In a case of life imitating art, Amazon has angered some customers of its Kindle electronic book service by remotely deleting two George Orwell books, Animal Farm and Nineteen Eighty-Four.
Copies of the novels, which feature dystopian worlds, were wiped from the book readers this week.
Many have compared the move to the workings of the totalitarian government in Nineteen Eighty-Four, in which documents deemed inappropriate are dropped into a "memory hole" and erased forever.
Amazon said the books were uploaded by a publisher who didn't have the rights to reproduce copies of them.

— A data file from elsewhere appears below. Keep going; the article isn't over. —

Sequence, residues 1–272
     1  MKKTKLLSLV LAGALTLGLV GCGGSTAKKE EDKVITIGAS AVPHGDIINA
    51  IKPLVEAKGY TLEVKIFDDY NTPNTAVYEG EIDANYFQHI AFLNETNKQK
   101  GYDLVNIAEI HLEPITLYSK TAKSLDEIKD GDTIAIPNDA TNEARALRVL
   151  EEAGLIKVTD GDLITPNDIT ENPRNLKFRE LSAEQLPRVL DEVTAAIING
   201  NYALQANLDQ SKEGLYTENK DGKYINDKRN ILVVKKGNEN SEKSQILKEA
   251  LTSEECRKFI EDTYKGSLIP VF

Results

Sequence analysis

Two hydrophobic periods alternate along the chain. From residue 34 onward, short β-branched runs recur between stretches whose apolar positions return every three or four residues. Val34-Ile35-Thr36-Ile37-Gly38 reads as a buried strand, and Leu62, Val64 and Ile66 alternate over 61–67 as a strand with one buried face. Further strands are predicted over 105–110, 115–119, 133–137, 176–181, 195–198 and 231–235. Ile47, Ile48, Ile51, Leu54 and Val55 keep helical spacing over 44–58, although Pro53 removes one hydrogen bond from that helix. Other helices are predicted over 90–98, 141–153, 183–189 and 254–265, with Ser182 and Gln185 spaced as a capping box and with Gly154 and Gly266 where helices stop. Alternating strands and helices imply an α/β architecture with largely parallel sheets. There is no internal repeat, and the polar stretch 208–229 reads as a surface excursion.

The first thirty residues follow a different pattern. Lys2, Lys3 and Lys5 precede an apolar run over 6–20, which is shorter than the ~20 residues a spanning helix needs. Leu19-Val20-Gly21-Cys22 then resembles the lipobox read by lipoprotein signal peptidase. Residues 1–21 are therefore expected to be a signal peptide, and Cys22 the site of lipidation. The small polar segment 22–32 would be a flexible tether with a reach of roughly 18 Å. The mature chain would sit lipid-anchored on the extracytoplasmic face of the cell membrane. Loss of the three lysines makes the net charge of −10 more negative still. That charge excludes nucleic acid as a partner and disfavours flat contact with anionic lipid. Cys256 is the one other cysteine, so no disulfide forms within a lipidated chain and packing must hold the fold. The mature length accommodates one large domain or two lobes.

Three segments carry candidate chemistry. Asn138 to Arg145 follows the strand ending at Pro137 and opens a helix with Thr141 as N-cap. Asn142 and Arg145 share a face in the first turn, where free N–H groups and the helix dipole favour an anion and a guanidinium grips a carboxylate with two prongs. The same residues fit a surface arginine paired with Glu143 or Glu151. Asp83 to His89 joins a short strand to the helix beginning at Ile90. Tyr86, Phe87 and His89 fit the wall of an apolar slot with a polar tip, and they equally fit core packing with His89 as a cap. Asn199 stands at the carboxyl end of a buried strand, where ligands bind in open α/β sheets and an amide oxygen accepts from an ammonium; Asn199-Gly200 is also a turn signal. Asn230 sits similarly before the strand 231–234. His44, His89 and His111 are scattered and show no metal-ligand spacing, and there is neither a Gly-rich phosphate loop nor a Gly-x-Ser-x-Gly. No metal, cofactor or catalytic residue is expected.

"When we were notified of this by the rights holder, we removed the illegal copies from our systems and from customers' devices, and refunded customers," Amazon spokesman Drew Herdener told the New York Times.
An authorized digital edition of Nineteen Eighty-Four was made available for Kindle users, but no versions of Animal Farm are being offered yet.
Some customers said they were upset after discovering that Amazon could erase books that were already in a Kindle owner's possession.
"I never imagined that Amazon actually had the right, the authority or even the ability to delete something that I had already purchased," said Charles Slater, who bought Nineteen Eighty-Four for 99 cents US last month.
"We are changing our systems so that in the future we will not remove books from customers' devices in these circumstances," Herdener told the Times.